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  • Angela Delfin

Qigong vs. Yoga: Deciding Which Class to Try

It’s no secret that in the west, yoga has become one of the most popular activities. With tote bags reading “Wine and Yoga,” shirts saying “Namaste,” and experiences such as goat and beer yoga, yoga might even be one of the trendiest activities around. In ancient times, yoga had almost zero physical postures and no fitness-oriented aspects. Nowadays, with all of the consumerism surrounding yoga, the number one goal of yoga seems to be physical perfection.

Perfectionism is deeply embedded in our modern-day culture. We have grown up in a society that thrives on (and rewards) perfectionist behaviors. In a lot of ways, it makes sense why certain styles of yoga (with its symmetric, “perfect”-looking poses) has become as popular as it has, and something like qigong (Chinese yoga) remains esoteric and less looked at. The practice of qigong is fluid, constantly changing, yet harmonious. On the outside, it’s not very pretty or attractive, which are some of the main reasons capitalism thrives.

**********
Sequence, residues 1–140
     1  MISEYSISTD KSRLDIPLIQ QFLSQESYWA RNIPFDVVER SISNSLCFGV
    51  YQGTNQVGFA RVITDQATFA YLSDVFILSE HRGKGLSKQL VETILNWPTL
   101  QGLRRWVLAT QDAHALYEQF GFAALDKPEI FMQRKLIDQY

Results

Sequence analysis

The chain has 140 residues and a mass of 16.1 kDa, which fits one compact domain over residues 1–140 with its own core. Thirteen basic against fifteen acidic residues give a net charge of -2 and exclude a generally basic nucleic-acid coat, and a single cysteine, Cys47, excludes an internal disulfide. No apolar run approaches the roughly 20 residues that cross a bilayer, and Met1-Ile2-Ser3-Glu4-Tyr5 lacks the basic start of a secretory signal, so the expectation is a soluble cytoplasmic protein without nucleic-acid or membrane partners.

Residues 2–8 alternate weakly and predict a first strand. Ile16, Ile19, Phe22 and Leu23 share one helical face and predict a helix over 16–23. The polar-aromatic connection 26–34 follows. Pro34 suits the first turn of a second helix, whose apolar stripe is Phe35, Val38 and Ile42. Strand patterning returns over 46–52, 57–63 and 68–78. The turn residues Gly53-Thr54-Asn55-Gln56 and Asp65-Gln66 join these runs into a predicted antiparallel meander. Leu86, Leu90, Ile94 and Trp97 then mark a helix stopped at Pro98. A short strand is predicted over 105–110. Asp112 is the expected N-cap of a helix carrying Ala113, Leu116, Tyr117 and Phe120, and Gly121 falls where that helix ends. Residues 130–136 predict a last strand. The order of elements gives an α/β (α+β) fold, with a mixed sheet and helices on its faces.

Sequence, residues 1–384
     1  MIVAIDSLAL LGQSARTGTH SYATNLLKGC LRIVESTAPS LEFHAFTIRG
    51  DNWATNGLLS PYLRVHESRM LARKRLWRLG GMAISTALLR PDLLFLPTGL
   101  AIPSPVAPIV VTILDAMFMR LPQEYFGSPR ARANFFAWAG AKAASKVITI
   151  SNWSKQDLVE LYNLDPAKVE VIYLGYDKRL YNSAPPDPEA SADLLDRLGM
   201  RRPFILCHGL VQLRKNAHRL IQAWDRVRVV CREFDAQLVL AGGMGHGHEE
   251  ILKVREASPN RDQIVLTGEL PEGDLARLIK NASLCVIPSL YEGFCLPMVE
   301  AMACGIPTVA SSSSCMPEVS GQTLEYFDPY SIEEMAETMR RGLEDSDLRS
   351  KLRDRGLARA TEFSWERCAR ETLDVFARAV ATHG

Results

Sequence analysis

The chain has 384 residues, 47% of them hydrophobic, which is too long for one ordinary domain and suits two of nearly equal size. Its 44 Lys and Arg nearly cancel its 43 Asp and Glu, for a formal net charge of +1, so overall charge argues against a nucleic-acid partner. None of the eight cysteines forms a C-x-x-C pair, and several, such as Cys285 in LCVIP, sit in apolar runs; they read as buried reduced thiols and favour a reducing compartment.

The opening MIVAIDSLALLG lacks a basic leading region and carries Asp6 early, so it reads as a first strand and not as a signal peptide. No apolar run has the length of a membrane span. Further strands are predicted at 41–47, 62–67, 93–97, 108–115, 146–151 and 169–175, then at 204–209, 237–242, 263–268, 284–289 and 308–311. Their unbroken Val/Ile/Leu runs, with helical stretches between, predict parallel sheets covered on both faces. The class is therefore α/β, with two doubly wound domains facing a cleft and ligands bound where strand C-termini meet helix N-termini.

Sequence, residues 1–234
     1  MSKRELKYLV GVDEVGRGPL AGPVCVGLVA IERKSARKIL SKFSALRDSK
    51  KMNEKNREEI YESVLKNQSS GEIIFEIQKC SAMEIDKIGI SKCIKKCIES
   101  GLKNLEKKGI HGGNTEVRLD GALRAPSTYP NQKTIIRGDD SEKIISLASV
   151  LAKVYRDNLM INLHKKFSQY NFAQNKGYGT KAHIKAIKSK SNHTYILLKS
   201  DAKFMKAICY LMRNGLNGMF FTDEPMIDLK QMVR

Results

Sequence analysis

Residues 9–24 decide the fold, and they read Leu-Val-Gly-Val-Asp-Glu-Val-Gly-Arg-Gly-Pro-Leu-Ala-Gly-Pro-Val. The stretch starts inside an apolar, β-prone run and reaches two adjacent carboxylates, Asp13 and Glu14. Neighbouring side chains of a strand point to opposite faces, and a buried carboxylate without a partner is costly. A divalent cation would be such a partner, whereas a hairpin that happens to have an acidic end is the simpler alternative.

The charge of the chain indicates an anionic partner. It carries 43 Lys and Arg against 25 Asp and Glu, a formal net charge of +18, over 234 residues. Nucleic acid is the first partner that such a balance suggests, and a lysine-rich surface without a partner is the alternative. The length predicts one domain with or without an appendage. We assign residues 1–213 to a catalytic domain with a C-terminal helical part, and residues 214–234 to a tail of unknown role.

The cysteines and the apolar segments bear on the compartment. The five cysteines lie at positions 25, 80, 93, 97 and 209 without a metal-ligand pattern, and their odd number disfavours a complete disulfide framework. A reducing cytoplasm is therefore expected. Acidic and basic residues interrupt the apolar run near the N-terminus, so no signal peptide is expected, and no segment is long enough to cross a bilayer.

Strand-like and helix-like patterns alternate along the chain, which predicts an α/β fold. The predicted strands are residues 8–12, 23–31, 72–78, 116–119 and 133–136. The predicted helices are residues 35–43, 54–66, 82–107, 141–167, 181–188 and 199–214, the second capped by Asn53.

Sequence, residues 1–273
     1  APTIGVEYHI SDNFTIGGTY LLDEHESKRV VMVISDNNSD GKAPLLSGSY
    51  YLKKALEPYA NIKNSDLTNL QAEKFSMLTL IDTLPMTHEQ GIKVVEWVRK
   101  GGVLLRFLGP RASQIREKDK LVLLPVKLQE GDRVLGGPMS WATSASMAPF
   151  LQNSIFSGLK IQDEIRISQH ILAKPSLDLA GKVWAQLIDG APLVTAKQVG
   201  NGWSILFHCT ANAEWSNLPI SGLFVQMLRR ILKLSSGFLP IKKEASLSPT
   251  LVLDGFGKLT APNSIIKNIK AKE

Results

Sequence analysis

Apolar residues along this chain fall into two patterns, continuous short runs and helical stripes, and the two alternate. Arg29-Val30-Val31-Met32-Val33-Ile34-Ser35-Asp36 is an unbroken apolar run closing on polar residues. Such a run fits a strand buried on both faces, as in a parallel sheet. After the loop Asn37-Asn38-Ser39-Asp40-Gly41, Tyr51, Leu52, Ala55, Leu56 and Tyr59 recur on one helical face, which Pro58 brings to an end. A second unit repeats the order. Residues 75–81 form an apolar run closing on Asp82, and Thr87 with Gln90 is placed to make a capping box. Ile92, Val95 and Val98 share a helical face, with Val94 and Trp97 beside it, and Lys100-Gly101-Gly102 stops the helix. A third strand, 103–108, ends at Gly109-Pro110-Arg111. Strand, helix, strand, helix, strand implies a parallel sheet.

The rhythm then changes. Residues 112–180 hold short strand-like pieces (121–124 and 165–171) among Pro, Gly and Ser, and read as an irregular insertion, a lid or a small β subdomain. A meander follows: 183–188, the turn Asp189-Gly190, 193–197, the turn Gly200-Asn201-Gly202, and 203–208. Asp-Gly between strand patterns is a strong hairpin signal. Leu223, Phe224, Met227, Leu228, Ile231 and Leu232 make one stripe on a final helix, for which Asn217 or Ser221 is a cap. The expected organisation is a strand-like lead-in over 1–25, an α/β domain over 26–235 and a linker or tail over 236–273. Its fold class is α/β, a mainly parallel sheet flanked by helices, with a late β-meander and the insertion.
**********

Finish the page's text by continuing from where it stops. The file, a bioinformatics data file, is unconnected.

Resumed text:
What even is Qigong? Qi, often translates to vital or life energy, and gong, means craft or skill. Qigong practices combine posture, breath, and intention to improve health, longevity, and spiritual growth. Humans are imperfect, just as nature is imperfect. Humans are designed to be embodied, unique creatures. Qigong mimics nature. Eastern philosophy is based on the premise that you are completely connected with nature, and changes in nature are always reflected in your body. When the elements of nature are in balance, life is harmonious and flourishes. When out of balance, the opposite reaction occurs – life can feel upsetting and disaster can follow.

Now, hear me out, no matter which style you are practicing, yoga is greatly beneficial. It alivens and strengthens your sense of being, builds a connection to your breath, and can connect you with a like-minded community. However, yoga as an external fitness performance (though still beneficial) lacks the most important aspect of inner transformation and internal exploration. From a Chinese perspective, each organ is an emotional home. For example, the liver – when out of balance, carries anger; when in balance, produces compassion. Since a large portion of the practice involves cleansing and nourishing the internal organs, qigong creates an intimate relationship with your emotional state. I am a highly sensitive, empathetic person, which means it’s easy for me to feel other people’s emotions and take them on as my own. Practicing qigong every day (even for just 15 minutes) connects me to my own emotional state, so when I go out into the world, I can distinguish what is mine and what is not. We all have our own unique way of being in the world. If you are interested in becoming a more integrated version of yourself, qigong might be exactly what you’re looking for.

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